forklift operator. (Tr. 20). At step five, the ALJ determined that, considering Johnson’s
age, education, work experience, and RFC, a significant number of other jobs exist in
the national economy that he could perform. (Id.) Accordingly, the ALJ determined
that Johnson has not suffered a disability, as defined by the Social Security Act, since
September 1, 2018. (Tr. 21).
Johnson timely requested review of the ALJ’s decision. (Tr. 176-78). On
October 27, 2020, the Appeals Council denied review, which deems the ALJ’s decision
as the Commissioner’s final decision. (Tr. 1-3). On December 18, 2020, Johnson filed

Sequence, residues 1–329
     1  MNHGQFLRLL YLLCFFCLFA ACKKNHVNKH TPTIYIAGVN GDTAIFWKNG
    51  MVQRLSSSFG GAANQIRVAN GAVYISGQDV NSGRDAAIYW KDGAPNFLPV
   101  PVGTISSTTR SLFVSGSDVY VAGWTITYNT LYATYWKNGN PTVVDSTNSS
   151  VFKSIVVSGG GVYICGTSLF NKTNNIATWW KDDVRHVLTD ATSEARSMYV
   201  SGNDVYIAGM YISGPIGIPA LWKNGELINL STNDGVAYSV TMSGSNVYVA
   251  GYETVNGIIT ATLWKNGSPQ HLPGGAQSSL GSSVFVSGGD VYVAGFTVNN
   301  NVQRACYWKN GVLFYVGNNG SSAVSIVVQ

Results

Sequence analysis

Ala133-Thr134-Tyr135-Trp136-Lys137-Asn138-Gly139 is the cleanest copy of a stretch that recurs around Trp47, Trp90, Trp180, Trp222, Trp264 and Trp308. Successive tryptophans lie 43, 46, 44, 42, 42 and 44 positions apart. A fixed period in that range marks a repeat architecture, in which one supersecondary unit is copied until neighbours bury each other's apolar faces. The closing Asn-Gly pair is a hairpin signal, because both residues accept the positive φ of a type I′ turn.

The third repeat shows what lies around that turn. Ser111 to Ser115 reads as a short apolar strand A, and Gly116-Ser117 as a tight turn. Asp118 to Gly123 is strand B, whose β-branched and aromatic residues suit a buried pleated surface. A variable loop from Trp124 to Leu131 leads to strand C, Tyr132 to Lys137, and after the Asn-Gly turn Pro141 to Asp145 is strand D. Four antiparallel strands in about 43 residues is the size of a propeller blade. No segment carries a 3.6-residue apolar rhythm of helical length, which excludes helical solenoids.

his complaint with the court seeking review of the ALJ’s decision. (Doc. 1).
In this appeal, Johnson argues the ALJ failed to consider his obstructive sleep
apnea (“OSA”) as a severe impairment, failed to find that he has an impairment that
meets or medically equals an impairment listed in 12.15, improperly considered the
Veterans Affairs disability determination, improperly evaluated the medical evidence,
and failed to consider his nightmares and other sleep disturbances. For the reasons
discussed below, the undersigned concludes those contentions do not warrant reversal.
The ALJ Did Not Err by Declining to Deem Johnson’s Obstructive Sleep
Apnea a Severe Impairment
At step two of the sequential evaluation process, the ALJ found Johnson
manifested the severe impairments of degenerative disc disease; hip disorder, including